Tensions have even escalated into real violence in some places.

Two men entered a Target store in Los Angeles without masks on May 1, and started a fistfight when security guards attempted to escort them outside. One of the guards snapped a bone in his arm during the brawl, police told KTLA. On Tuesday, a Los Angeles County public health official said stay-at-home restrictions would probably remain in place through July for the state’s coronavirus epicenter, where more than 1,300 people have died since February.

A security guard was left with a broken arm following a May 1 confrontation with two men who refused to wear masks inside a Los Angeles Target. (Los Angeles Police Department)

The protesters who staged a confrontation with a policymaker in Fresno banged on his apartment door until City Council President Miguel Arias stepped outside and told the small group to leave. Instead, the men shouted questions and insults at Arias, video of the incident shows. Arias shoved them away from his door and toward the staircase leading away from his apartment.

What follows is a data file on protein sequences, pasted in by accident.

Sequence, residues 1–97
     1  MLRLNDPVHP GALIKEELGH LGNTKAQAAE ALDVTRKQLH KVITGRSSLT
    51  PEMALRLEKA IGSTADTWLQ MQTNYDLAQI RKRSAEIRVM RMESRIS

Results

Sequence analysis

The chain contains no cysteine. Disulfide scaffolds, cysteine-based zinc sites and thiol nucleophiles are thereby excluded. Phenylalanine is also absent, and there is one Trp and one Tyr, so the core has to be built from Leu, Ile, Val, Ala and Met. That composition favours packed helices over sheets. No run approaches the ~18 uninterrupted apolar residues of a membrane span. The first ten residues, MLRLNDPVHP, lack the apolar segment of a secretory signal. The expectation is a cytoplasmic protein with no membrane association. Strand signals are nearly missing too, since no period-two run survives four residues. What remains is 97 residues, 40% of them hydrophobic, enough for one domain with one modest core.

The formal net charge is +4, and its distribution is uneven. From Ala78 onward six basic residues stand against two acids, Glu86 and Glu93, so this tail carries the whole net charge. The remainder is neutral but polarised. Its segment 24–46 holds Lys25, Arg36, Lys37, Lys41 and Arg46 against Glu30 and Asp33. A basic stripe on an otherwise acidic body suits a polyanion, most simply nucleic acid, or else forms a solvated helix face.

“I asked them to leave,” Arias told the Fresno Bee on Tuesday afternoon. “They chose not to, so I escorted them down the stairs.”

SHARE, SHARE, SHARE!! City Council Member Miguel Arias Pushing Ben Bergquam and fellow reporters down the stairs. Share the hell out of this video.

Posted by James Hoak on Tuesday, May 12, 2020

Arias called the police. So did the protesters, who were affiliated with a Facebook page called Frontline America and led by a man who organized a shelter-in-place protest last week, the Bee reported.

Fresno police arrived at the scene and determined there was sufficient evidence to facilitate a citizen’s arrest on Arias, who was then cited with three counts of misdemeanor battery and released at the scene, police said in a statement.

“I stand behind my actions,” Arias told the newspaper. “When you open your door after somebody has been banging on it, and the first thing you see is somebody who has made physical threats against you for a long period of time and who runs online websites and social media accounts that makes threats and is a huge activist around Second Amendment and concealed weapons, my first reaction is to protect my family.”